Most elusive are the Lady’s Slipper. As I wrote earlier, we found pink that had not opened yet. One clump of lovely yellow were sweet. Sadly, people dig them up (stealing from the National Park) thinking they can take them home to grow the. These lovelies have very particular growing needs. So we tell almost NO ONE where we have seen them. A Ranger at Sugarlands Park Office told us that about 3 miles up Sugarland trail they burst out in abundance after the fires a few years ago. Sadly, that is too much hiking for me.
Fire pinks, crested dwarf iris, showy orchid, wild geranium, fringed phacelia, squaw root, and the list goes on! Such Fun.
Bob wrote about the Good Friday drive along Tremont Road following the Middle Prong of the Little River , “So much rain had fallen that it was more full and rapid than we had ever witnessed. It was violent, frenzied, untamed, wild, and raging. It reminded me of the Niagara rapids below the falls. Water careened along its banks and exploded over the rocks. Waterfalls disappeared except for the ones coming down the sides of the mountain that were barely contained. And it was LOUD! Everything in the area was a soft green and dripping. Giant Trillium sat and listened to Jack preach to them and the rocks above. It was glorious. Who said rainy days are not fun? And we only put 60 miles on the car.”
The next day was only 46 degrees but the rain had stopped so we were up for another hike. Bob’s journal continues “Easter Saturday – the day between the grief and the glory – we drove to Tremont and the Middle Prong Trail. We love this trail as it closely follows the Middle Prong of the river and builds to a crescendo with a cascading waterfall. The joy for me is walking a small path that leads to the crest of the falls. Water rushes towards it and explodes over the top of the boulders below.”
On Day 31 we drove home to Ohio. 7,000 miles, a month on the road sitting side by side in the Toyota Camry Hybrid. We were still friends and still smiling. I imagine you might be tired about reading reports of this adventure. We have not tired of telling it though. There are likely more details in my blog and his travel journal than we could recite to you today, in person, without notes!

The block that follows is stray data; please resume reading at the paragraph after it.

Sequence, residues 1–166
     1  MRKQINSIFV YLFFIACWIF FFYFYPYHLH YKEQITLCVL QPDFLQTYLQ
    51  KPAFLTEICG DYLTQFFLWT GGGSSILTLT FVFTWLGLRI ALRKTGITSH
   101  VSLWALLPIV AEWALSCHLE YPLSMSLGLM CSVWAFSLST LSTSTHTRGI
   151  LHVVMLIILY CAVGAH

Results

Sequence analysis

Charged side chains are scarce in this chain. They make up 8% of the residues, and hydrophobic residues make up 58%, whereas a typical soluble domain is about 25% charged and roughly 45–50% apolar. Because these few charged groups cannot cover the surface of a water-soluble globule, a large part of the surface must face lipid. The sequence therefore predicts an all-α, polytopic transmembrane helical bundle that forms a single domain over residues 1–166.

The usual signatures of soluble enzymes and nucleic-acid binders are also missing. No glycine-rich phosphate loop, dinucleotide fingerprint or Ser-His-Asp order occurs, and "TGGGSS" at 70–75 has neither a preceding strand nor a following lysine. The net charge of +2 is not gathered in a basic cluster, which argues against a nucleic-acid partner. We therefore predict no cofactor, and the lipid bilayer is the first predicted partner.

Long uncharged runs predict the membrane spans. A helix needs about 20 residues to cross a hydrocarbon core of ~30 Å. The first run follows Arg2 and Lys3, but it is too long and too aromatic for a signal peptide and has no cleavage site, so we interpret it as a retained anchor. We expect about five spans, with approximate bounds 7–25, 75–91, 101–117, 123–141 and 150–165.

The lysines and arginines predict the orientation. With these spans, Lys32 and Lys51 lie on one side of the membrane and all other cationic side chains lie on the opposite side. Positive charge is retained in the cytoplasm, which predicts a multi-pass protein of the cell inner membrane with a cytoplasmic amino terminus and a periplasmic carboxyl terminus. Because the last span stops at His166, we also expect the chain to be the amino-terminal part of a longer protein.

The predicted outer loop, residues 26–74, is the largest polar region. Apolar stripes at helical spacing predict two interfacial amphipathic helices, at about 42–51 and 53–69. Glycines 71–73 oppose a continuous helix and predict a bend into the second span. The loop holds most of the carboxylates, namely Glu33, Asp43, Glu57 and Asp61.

Our next adventure was a seven day flight to and around New England to pick up some of the places we missed on a previous adventure there. It is nice to be approaching 49 years of marriage completed and still enjoy one another’s company. May all of your journeys be joyous!
Have you driven across Texas? There was not time on our Spring 2019 adventure to explore the southern cities of Texas or Gulf Coast. Basically when we finished with the Bluebonnets we were ready to travel to our annual or semi-annual adventure of hunting wildflowers in the Smoky Mountains.
We saw these yellow flowers in the distance in Texas. Did I tell you this already? Well, it bears telling again for a chuckle. We asked a guy who looked like he might be a local farmer what that crop was we were seeing this distance in this photo. He said, “Oh that is DYC.” We asked what is DYC. He explained, “Damn yellow cross-pollinators.”
We found Texas basically a boring drive, though we did spot much more of the DYC on our journey. We hurried across the state traveling about as many miles as we could manage in a day, heading for Tennessee.
Saddened recently to hear about the shootings in Midland and Odessa where we had traveled. Five people were killed and 21 others injured, including three law enforcement officers. The violence in this country is sad and startling. I will never get accustomed to it.
We delighted to reach Smoky Mountain National Park. We had rented a cabin for several days to collect our wits after so many weeks on the road. Decided on the first day to attempt our longest hike, uncertain if we could make it to the Lady Slipper area after Bob’s illness and my continued deterioration from arthritis. We made it! We only saw one clump of Yellow Lady Slippers. Photo by Robert Dutina